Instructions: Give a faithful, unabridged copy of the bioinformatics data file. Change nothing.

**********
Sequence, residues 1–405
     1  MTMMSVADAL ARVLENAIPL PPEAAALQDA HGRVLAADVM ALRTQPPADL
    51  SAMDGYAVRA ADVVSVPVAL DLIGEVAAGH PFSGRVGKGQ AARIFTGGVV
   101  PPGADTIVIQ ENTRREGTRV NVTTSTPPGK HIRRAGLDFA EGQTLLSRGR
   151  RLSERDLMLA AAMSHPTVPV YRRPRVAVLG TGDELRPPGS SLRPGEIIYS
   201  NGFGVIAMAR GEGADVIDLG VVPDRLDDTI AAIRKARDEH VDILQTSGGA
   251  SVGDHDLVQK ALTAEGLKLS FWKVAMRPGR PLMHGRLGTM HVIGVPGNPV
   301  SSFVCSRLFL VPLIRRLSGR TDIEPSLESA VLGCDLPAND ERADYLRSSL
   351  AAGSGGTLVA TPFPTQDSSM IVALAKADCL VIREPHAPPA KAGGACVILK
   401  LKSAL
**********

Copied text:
Sequence, residues 1–405
     1  MTMMSVADAL ARVLENAIPL PPEAAALQDA HGRVLAADVM ALRTQPPADL
    51  SAMDGYAVRA ADVVSVPVAL DLIGEVAAGH PFSGRVGKGQ AARIFTGGVV
   101  PPGADTIVIQ ENTRREGTRV NVTTSTPPGK HIRRAGLDFA EGQTLLSRGR
   151  RLSERDLMLA AAMSHPTVPV YRRPRVAVLG TGDELRPPGS SLRPGEIIYS
   201  NGFGVIAMAR GEGADVIDLG VVPDRLDDTI AAIRKARDEH VDILQTSGGA
   251  SVGDHDLVQK ALTAEGLKLS FWKVAMRPGR PLMHGRLGTM HVIGVPGNPV
   301  SSFVCSRLFL VPLIRRLSGR TDIEPSLESA VLGCDLPAND ERADYLRSSL
   351  AAGSGGTLVA TPFPTQDSSM IVALAKADCL VIREPHAPPA KAGGACVILK
   401  LKSAL